The Astronomical Journal
The Catalina Real Time Survey (CRTS) has found over 500 cataclysmic variable (CV) candidates, most of which were previously unknown. We report here on follow-up spectroscopy of 36 of the brighter objects. Nearly all of the spectra are typical of CVs at minimum light. One object appears to be a flare star, while another has a spectrum consistent with a CV but lies, intriguingly, at the center of a small nebulosity. We measured orbital periods for eight of the CVs, and estimated distances for two based on the spectra of their secondary stars. In addition to the spectra, we obtained direct imaging for an overlapping sample of 37 objects, for which we give magnitudes and colors. Most of our new orbital periods are shortward of the so-called period gap from roughly 2 to 3 hr. By considering the cross-identifications between the Catalina objects and other catalogs such as the Sloan Digital Sky Survey, we argue that a large number of CVs remain uncataloged. By comparing the CRTS sample to lists of previously known CVs that CRTS does not recover, we find that the CRTS is biased toward large outburst amplitudes (and hence shorter orbital periods). We speculate that this is a consequence of the survey cadence.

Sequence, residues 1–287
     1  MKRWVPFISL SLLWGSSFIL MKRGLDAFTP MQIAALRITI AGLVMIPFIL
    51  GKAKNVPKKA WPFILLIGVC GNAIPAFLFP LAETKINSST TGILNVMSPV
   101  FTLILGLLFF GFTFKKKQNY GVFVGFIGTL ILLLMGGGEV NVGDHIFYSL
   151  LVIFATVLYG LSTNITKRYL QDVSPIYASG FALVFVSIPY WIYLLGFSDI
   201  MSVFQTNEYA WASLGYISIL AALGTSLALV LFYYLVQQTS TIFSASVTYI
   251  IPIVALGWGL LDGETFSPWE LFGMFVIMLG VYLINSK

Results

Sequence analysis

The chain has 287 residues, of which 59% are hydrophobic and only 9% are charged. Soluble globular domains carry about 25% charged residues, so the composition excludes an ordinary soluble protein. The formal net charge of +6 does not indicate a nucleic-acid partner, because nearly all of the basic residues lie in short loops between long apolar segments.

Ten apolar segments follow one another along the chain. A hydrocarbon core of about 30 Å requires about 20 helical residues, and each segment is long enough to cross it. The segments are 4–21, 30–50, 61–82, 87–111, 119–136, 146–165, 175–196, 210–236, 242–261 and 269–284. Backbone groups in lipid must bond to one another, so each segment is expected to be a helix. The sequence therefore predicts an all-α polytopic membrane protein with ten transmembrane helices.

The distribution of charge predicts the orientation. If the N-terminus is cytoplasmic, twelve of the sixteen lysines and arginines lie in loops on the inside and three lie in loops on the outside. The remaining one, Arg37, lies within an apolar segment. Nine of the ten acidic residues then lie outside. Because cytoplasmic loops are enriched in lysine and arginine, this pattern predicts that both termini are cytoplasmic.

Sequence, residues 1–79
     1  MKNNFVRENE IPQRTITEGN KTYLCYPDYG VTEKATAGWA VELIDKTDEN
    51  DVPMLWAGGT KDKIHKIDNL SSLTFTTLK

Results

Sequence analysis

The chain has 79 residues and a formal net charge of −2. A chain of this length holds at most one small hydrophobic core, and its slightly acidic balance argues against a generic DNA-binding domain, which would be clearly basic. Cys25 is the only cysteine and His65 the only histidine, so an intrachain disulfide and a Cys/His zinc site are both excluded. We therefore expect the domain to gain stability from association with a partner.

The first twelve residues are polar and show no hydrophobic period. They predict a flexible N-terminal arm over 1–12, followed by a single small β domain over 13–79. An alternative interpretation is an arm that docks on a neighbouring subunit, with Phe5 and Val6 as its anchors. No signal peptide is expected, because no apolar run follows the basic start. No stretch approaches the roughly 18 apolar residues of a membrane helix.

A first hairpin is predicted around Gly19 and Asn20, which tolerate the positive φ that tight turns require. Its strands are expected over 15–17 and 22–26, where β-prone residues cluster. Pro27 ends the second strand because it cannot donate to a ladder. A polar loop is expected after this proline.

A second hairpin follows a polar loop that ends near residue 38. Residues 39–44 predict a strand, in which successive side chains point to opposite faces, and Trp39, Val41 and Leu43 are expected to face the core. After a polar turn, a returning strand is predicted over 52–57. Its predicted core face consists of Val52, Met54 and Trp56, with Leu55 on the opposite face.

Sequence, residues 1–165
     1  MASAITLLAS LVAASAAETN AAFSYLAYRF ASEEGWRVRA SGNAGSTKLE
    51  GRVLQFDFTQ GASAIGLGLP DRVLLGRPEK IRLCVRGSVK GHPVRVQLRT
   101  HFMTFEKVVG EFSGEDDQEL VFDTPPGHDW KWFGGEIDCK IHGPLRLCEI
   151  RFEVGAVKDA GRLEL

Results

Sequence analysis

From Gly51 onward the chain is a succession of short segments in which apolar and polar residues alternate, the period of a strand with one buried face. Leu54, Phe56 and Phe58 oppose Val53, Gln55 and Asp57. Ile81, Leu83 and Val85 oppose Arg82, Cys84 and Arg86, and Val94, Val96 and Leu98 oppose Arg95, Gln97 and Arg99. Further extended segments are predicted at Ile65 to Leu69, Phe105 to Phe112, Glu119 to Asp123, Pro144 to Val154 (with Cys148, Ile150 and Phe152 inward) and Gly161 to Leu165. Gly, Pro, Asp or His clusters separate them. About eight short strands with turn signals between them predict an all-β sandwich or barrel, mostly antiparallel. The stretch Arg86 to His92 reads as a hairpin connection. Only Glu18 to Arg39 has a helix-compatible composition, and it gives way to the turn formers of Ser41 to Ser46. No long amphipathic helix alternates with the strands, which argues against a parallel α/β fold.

Dartmouth Digital Commons Citation
Thorstensen, John R. and Skinner, Julie N., "Spectroscopy and Photometry of Cataclysmic Variable Candidates from the Catalina Real Time Survey" (2012). Dartmouth Scholarship. 2057.